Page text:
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Candidates Without Parties: Lessons from Mexico

Candidates Without Parties: Lessons from Mexico
Alejandro García Magos | November 2015

Traditional parties need to respond to the challenge posed by independent candidates. They could do so by nominating better candidates and stressing the advantages of an institutionalized party system.

Independent candidates —without the backing of a political party— are a novelty in Mexico. For years, electoral laws effectively banned them by leaving them in legal limbo. No provisions were made for them, not even to count their votes: their supporters were required to write the candidate’s full name on the ballot, which ended up collectively in the “Not registered” bin. Unsurprisingly, politicians rarely bother to run independently, although there have been notable exceptions. The communist leader Valentín Campa, for instance, officially ran in the 1976 presidential election as an independent because his party lacked legal recognition at the time. Estimates put his vote share close to 6%. More recently in 2006, the pharmaceutical tycoon Víctor González Torres ran for president as a self-styled “Independent Not Registered Citizen Candidate.” And while many media outlets considered his campaign a rich man’s folly, it sparked a serious controversy within the electoral authority by demanding to know the exact number of votes received, which some electoral councilors find worthy of consideration.

On February 2014, however, independent candidates finally received legal status with the passing of the latest round of electoral reforms. Largely, this was the result of a long legal battle undertaken by former foreign affairs minister, Jorge G. Castañeda (2000- 2003). Unable to secure a presidential nomination by a legally recognized party in 2006, he attempted to run independently and demanded to have his name on the ballot. Because the electoral authority and the Supreme Court rejected this, he took the Mexican state to court in the Inter-American Commission of Human Rights (IACHR). The commission ruled in 2008 in favour of Mr. Castañeda by stating that under the Mexican Constitution he had every right to run for elected office without being nominated by a party. And so, a few years later, echoing the IACHR’s ruling, Mexican legislators began to debate the requisites and prerogatives for independent candidacies.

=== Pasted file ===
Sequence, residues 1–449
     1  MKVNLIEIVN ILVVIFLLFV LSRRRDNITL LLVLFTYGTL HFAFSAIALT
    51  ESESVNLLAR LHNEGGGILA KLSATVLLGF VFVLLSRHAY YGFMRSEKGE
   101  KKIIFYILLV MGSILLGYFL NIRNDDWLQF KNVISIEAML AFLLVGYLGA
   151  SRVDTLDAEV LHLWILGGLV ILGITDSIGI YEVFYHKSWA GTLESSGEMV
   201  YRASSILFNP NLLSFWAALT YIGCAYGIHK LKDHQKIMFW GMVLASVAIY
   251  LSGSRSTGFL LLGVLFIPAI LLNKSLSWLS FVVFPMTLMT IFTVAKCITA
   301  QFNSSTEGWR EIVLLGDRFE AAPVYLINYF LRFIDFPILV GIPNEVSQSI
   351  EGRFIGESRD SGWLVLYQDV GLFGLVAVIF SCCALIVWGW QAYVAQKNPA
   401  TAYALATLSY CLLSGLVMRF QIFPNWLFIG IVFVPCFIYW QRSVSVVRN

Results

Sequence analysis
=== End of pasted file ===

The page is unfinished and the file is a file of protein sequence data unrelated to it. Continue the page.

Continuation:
The opening of the electoral arena to independents was met with mixed reactions among commentators. Some welcome it as a long overdue rectification of an authoritarian legacy that favoured the current tripartite system formed by the leftist Party of the Democratic Revolution (PRD), the centrist Institutional Revolutionary Party (PRI), and the rightist National Action Party (PAN). Others worry that the electoral reform may be a gateway for antiestablishment politicians, a threat for the party system, and potentially democracy itself. Parties, after all, organize voters, promote political participation, disseminate information, and are symbols of political orientation, all of which help voters identify with them and hold them accountable.

Almost two years have passed since the 2014 electoral reform. Who has been more prescient so far, those who welcome independents as a wake-up call to the party system, or those who considered them a Trojan horse for democracy? It is too early to know, but last June’s gubernatorial election in the state of Nuevo León suggests that the apprehensions around independents might be well founded.